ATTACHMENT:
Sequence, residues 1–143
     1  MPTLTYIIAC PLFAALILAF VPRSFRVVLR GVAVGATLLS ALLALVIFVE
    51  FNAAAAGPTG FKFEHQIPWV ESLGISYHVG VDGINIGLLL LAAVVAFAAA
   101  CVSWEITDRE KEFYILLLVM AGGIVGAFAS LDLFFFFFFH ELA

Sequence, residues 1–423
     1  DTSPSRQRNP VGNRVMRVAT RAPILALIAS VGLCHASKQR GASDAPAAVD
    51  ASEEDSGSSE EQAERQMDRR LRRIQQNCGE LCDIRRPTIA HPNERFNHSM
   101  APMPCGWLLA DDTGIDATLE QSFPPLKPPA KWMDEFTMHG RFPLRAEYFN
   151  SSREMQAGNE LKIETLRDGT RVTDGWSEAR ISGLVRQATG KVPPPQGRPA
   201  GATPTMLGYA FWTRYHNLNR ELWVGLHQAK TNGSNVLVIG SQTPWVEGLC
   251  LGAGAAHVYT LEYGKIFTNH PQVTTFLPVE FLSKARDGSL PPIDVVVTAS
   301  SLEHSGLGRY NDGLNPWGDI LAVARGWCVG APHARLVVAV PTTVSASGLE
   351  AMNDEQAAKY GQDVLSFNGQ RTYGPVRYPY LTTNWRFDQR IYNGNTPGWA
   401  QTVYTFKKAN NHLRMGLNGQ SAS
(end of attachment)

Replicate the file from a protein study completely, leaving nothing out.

Sequence, residues 1–143
     1  MPTLTYIIAC PLFAALILAF VPRSFRVVLR GVAVGATLLS ALLALVIFVE
    51  FNAAAAGPTG FKFEHQIPWV ESLGISYHVG VDGINIGLLL LAAVVAFAAA
   101  CVSWEITDRE KEFYILLLVM AGGIVGAFAS LDLFFFFFFH ELA

Sequence, residues 1–423
     1  DTSPSRQRNP VGNRVMRVAT RAPILALIAS VGLCHASKQR GASDAPAAVD
    51  ASEEDSGSSE EQAERQMDRR LRRIQQNCGE LCDIRRPTIA HPNERFNHSM
   101  APMPCGWLLA DDTGIDATLE QSFPPLKPPA KWMDEFTMHG RFPLRAEYFN
   151  SSREMQAGNE LKIETLRDGT RVTDGWSEAR ISGLVRQATG KVPPPQGRPA
   201  GATPTMLGYA FWTRYHNLNR ELWVGLHQAK TNGSNVLVIG SQTPWVEGLC
   251  LGAGAAHVYT LEYGKIFTNH PQVTTFLPVE FLSKARDGSL PPIDVVVTAS
   301  SLEHSGLGRY NDGLNPWGDI LAVARGWCVG APHARLVVAV PTTVSASGLE
   351  AMNDEQAAKY GQDVLSFNGQ RTYGPVRYPY LTTNWRFDQR IYNGNTPGWA
   401  QTVYTFKKAN NHLRMGLNGQ SAS